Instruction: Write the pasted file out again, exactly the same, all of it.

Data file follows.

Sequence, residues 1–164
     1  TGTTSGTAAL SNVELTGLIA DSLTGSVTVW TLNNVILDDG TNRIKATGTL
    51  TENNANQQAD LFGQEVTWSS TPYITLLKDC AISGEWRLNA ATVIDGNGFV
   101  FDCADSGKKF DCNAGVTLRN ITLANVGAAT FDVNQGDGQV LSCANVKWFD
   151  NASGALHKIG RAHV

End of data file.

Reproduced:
Sequence, residues 1–164
     1  TGTTSGTAAL SNVELTGLIA DSLTGSVTVW TLNNVILDDG TNRIKATGTL
    51  TENNANQQAD LFGQEVTWSS TPYITLLKDC AISGEWRLNA ATVIDGNGFV
   101  FDCADSGKKF DCNAGVTLRN ITLANVGAAT FDVNQGDGQV LSCANVKWFD
   151  NASGALHKIG RAHV